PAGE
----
A brisk, efficient account of one of the most overlooked episodes of World War II—the Soviet invasion of Finland.
During the ominous lull between the Nazi conquest of Poland and the assault on France, the Soviet Union sought palpable assurances from neutral, democratic Finland to protect vulnerable Leningrad against attack, ostensibly from the British or the French, but in fact from Hitler, whom Stalin correctly distrusted. Finland’s refusal to “grant to a foreign state military bases on its own territory and within its own boundaries” prompted the Soviets to launch a pretextual attack: “Heroic Red Army throws back marauding Finns!” proclaimed the Daily Worker. All the world expected a swift defeat for the vastly outnumbered Finns; instead, for 105 days they fought the Russians to a bloody standstill. Though he looks at the prewar diplomatic sparring and the midwar dithering of the Anglo-French alliance, Edwards focuses mostly on the fighting. Making exquisite use of the difficult terrain and the brutal weather, the ably led Finns employed skis, automatic weapons and mortars expertly aimed to repel the Red Army, which was stymied by an astonishing lack of intelligence and a fatally flawed command structure. The war ended with painful territorial concessions by the resolute Finns, but not before exposing the fecklessness of the League of Nations and unexpected, severe weaknesses in the mighty Red Army. Hitler looked on and concluded that Operation Barbarossa, his contemplated invasion of the Soviet Union, could safely go forward. Edwards offers only tantalizing details about the war’s main actors—Baron Carl Gustav Mannerheim, the autocratic Father of the Nation; General Kurt Wallenius, the drunkard and supreme soldier; Kliment Voroshilov, the absurdly overconfident Russian commissar for defense—and others on the world stage (FDR, Churchill, Stalin) who had their say about tumultuous events in Finland. He sprinkles the narrative with numerous delightfully snarky asides about the blinkered, progressive left, which persisted in rationalizing Soviet intentions and methods, notwithstanding the spectacle of the suffering Finns.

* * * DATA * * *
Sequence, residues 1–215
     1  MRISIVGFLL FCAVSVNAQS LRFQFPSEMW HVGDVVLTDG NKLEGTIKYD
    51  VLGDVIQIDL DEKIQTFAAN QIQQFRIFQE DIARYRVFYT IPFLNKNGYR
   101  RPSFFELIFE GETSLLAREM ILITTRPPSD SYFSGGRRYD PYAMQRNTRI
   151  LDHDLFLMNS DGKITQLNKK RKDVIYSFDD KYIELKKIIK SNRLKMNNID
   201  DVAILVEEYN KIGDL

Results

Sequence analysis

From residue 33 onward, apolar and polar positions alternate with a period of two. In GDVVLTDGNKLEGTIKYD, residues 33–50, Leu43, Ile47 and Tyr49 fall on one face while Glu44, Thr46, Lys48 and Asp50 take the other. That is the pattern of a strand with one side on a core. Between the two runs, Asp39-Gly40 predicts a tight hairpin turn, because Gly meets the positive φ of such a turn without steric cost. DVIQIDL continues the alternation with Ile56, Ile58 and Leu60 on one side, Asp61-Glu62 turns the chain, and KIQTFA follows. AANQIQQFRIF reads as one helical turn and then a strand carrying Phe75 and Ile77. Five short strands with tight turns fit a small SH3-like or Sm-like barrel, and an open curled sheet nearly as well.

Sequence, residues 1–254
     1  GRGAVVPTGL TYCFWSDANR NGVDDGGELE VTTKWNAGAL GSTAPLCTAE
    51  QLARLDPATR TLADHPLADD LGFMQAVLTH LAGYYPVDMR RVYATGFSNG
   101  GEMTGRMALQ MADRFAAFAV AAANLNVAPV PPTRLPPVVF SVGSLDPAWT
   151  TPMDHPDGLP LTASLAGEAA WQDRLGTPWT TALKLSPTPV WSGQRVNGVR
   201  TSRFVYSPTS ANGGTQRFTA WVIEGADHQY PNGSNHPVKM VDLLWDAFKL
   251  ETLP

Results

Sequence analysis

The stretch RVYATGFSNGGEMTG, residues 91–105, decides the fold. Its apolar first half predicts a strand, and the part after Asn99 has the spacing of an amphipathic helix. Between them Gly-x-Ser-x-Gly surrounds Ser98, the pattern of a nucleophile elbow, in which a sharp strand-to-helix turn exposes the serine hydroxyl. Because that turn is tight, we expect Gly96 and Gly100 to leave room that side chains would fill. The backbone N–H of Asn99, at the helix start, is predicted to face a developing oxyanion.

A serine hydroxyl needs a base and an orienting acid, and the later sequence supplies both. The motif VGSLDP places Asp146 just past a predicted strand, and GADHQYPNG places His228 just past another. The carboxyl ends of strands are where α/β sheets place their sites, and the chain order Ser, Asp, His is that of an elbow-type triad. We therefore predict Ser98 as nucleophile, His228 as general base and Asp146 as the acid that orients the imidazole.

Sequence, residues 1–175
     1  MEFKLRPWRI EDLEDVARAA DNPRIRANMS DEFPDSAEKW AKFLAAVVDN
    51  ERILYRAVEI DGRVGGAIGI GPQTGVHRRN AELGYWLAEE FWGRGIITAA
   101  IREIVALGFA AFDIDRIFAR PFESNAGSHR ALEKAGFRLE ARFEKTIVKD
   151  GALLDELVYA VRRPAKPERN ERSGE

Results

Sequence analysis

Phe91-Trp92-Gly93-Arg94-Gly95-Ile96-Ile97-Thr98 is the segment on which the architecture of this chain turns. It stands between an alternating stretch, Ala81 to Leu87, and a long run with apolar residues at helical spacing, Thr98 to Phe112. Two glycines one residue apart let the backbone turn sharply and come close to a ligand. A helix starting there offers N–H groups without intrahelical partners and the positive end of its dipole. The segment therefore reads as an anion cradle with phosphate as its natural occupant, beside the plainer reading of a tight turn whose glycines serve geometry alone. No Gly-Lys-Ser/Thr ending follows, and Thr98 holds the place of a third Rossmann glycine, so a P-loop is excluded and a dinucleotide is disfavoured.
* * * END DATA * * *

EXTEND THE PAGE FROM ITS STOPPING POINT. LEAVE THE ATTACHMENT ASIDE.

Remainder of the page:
Highly readable and informative.